9. Reduces administrative burdens: core grants tend to require less detailed compliance documentation than projects.
  10. Gives emotional as well as practical support: the endorsement conferred by core grants can raise organisational morale.

From the literature and interviews conducted as part of the research for Laudes Foundation, there is a wealth of evidence of all these advantages.

From the recipient perspective, core grants are seen as the ‘holy grail’ of funding. In a survey conducted in July 2017 by the People’s Postcode Lottery, respondents were asked how small an unrestricted grant they would accept in place of a £100,000 restricted grant. The survey found that “the average lower amount accepted was £82,700, meaning that on average, charities were willing to lose £17,300 in order to access unrestricted funds.”

So why are core grants not being more widely adopted?

Given the above, moving from project and programme funding to core funding seems like a no-brainer. But in reality, there is still considerable resistance within many donor organisations.

It is important to specify, there are potential disadvantages to core grants.  Rather than stimulating positive change, if applied in the wrong circumstances, they can encourage complacency and stagnation – with the same interventions repeated mindlessly, year after year. If poorly utilised, they can also lead to donor dependency, discourage initiative and allow fundamental problems to remain unaddressed.

Donor programme staff can also be worried about accountability – being able to control and monitor how funds have been used and whether outputs have been achieved. 

A key challenge is that it is hard to measure precisely what are the aggregated results of core grants in terms of impact. When donor boards or public accounts committees ask, “What exactly has this investment achieved?”, there is usually no simple, clear-cut answer. There are varying and innovative M&E approaches to address this, but if concrete proof of return on investment is required, they will tend to fall short.  Furthermore, as one respondent put it, “If people are interested in attribution [rather than contribution], there is no point going to core grants”. More progressive donors are exploring creative ways of assessing impact, with a greater emphasis on learning and assessing dynamic change, rather than seeking quantifiable metrics, but this requires a different mindset.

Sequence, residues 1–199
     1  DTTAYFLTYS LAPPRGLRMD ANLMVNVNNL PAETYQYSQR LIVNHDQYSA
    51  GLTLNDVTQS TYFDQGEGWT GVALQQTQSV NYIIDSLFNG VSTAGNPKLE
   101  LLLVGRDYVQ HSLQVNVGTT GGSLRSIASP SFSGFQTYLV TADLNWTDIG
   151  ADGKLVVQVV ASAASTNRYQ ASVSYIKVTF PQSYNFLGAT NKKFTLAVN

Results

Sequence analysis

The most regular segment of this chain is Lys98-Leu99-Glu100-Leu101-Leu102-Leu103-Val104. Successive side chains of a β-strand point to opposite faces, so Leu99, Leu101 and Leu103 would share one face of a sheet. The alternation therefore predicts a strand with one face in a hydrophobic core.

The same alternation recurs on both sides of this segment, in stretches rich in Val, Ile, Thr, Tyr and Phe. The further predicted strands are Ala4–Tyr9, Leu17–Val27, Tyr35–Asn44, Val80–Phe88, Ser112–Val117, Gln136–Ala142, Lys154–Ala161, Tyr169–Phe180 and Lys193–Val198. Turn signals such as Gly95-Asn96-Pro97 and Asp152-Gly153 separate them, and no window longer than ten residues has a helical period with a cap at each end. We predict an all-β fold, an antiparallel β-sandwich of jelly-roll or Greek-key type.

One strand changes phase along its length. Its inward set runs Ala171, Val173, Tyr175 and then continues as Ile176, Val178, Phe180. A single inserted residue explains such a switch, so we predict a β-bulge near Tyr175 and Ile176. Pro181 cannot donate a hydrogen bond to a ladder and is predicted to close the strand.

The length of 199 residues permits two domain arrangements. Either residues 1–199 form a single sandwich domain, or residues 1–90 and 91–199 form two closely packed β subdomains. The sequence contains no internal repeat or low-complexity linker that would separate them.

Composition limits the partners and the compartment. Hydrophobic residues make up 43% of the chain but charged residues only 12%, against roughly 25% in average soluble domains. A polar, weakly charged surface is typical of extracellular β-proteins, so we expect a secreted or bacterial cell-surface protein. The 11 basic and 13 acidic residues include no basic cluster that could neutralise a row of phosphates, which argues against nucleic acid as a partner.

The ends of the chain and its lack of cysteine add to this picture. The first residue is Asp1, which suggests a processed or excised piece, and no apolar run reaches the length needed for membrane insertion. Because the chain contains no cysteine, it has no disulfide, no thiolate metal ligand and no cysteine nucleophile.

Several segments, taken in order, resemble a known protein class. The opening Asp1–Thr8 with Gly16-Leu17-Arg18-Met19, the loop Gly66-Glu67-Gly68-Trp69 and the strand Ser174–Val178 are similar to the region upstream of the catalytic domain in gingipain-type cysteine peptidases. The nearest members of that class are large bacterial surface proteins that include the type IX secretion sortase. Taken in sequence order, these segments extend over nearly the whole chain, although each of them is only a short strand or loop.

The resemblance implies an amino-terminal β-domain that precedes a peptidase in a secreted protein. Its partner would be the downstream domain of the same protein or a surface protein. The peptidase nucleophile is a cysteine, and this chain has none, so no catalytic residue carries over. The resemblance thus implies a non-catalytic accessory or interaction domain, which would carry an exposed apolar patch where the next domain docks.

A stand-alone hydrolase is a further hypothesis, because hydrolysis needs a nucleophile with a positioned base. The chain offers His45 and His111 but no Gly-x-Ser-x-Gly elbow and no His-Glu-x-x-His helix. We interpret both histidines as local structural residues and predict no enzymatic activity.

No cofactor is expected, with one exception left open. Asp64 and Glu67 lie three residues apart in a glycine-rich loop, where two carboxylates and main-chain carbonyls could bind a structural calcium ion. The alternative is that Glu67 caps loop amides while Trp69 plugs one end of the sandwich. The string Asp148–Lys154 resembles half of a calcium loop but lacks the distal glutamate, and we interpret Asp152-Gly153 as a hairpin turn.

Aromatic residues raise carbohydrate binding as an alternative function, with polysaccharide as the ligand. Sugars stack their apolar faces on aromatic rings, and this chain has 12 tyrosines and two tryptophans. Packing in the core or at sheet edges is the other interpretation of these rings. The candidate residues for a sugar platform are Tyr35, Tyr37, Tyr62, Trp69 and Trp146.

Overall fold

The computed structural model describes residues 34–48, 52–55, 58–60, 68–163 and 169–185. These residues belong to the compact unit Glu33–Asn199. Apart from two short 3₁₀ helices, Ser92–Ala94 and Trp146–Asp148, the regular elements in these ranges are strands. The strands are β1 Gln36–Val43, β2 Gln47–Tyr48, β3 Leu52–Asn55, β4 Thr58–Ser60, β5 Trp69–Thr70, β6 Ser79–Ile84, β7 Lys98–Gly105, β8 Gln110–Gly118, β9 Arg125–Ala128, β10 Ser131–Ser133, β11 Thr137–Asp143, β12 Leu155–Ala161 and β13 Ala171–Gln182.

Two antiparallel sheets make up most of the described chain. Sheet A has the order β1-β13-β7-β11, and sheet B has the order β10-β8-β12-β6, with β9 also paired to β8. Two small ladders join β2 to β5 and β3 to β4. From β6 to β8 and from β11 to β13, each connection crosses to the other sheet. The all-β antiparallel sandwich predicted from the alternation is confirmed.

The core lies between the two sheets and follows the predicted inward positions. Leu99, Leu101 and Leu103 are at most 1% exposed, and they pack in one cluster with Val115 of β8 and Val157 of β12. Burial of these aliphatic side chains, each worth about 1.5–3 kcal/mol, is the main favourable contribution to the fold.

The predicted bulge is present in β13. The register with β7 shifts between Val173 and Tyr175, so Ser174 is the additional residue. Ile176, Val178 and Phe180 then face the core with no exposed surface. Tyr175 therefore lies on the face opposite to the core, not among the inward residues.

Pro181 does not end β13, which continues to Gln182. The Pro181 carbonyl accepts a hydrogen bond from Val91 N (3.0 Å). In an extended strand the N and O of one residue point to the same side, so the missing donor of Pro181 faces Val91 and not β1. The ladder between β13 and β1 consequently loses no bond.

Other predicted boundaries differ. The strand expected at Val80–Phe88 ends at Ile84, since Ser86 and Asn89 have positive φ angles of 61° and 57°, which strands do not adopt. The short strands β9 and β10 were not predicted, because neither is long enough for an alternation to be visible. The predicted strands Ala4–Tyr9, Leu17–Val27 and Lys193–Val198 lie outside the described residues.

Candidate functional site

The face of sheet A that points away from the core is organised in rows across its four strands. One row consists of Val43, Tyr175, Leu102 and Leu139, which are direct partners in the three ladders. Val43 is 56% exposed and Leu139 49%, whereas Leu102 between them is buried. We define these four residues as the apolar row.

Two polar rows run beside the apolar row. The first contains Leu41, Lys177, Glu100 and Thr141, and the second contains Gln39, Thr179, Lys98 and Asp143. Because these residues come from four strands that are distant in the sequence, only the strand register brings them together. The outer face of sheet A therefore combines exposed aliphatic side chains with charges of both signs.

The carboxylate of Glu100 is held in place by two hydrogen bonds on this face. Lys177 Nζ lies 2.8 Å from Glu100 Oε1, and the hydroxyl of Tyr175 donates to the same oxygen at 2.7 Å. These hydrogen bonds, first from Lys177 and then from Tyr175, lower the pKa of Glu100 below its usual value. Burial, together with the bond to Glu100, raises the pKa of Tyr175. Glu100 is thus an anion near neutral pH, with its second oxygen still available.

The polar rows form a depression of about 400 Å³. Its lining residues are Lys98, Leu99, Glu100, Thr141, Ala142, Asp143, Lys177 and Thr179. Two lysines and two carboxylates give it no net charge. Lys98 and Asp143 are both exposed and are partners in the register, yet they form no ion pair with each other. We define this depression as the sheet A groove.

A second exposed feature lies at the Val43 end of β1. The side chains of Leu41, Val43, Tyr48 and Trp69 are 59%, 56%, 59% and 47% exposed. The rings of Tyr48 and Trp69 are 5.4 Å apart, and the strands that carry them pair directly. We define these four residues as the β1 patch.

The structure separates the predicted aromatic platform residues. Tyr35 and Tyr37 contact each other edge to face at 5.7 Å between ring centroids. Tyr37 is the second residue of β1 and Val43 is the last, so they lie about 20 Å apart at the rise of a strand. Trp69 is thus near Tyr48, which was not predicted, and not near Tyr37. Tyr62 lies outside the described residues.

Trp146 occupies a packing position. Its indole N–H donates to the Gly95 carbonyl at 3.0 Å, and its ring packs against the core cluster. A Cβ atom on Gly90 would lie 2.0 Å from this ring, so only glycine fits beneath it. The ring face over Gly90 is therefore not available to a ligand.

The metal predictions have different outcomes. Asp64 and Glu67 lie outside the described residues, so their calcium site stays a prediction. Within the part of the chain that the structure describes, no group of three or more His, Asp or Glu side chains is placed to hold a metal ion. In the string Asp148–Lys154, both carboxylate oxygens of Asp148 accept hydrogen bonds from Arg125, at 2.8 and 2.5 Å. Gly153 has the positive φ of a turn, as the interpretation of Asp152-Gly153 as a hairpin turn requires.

Possibly for this reason, there is some divergence between types of donors, linked to the accountability pressures they face. Some bilateral donors (e.g. the Netherlands and the UK) have in recent years moved from more flexible to more focussed grants for their leading agencies. Meanwhile foundations, whose accountability is more likely internal, to their own boards, are increasingly debating and implementing more core funding. ‘Trust-based philanthropy’ underpins much of the thinking behind the renewed drive towards core funding among foundations. This is built upon a growing body of evidence of the impact it can have. 

Conclusion

The conclusion is clear: multi-year core grants – if properly employed – can be transformative. It means putting more focus on the recipient’s rather than the donor’s wishes, but in doing so, can enable both to achieve their objectives more effectively.  This requires courage to take risks, accept reduced control, take a broader view of measuring impact and being honest about (and mitigating) the potential downsides. As one donor put it, the case for core grants is irrefutable: “If a donor is set up to make real change, this is the way to do it.  You are going to get higher impact”.